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Advances in Computational Mathematics x (1999) x-x 1

Regularization Networks and Support Vector Machines

Theodoros Evgeniou, Massimiliano Pontil, Tomaso Poggio

Center for Biological and Computational Learning and

Artificial Intelligence Laboratory Massachusetts Institute of Technology, Cambridge, MA 02139 USA

E-mail: [email protected], [email protected], [email protected]

Regularization Networks and Support Vector Machines are techniques for solv- ing certain problems of learning from examples – in particular the regression problem of approximating a multivariate function from sparse data. Radial Basis Functions, for example, are a special case of both regularization and Support Vector Machines. We review both formulations in the context of Vapnik’s theory of statistical learning which provides a general foundation for the learning problem, combining functional analysis and statistics. The emphasis is on regression: classification is treated as a special case.

Keywords: Regularization, Radial Basis Functions, Support Vector Machines, Reproducing Kernel Hilbert Space, Structural Risk Minimization.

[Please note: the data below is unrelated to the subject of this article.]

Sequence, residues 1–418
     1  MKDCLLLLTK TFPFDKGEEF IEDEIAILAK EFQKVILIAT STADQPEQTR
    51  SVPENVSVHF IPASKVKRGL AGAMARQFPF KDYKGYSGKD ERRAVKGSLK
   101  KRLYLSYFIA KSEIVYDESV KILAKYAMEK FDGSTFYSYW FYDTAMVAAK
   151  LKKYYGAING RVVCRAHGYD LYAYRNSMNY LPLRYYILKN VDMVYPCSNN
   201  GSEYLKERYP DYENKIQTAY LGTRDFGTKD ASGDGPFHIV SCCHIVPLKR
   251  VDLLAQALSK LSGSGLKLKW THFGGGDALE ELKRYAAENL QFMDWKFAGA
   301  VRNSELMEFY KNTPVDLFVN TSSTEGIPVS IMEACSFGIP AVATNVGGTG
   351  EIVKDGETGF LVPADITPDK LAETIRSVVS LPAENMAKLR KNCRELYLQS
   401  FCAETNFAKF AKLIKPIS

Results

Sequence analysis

1. Introduction

The purpose of this paper is to present a theoretical framework for the prob- lem of learning from examples. Learning from examples can be regarded as the regression problem of approximating a multivariate function from sparse data – and we will take this point of view here1. The problem of approximating a func- tion from sparse data is ill-posed and a classical way to solve it is regularization theory [92,10,11]. Classical regularization theory, as we will consider here formu- lates the regression problem as a variational problem of finding the function f that minimizes the functional

min f∈H

H[f ] = 1

l

l∑

i=1

(yi − f(xi))2 + λ‖f‖2K (1.1)

where ‖f‖2K is a norm in a Reproducing Kernel Hilbert Space H defined by the positive definite function K, l is the number of data points or examples (the

1 There is a large literature on the subject: useful reviews are [44,19,102,39], [96] and references therein.

2 T. Evgeniou et al / Regularization Networks and Support Vector Machines

l pairs (xi, yi)) and λ is the regularization parameter (see the seminal work of [102]). Under rather general conditions the solution of equation (1.1) is

f(x) = l∑

i=1

ciK(x,xi). (1.2)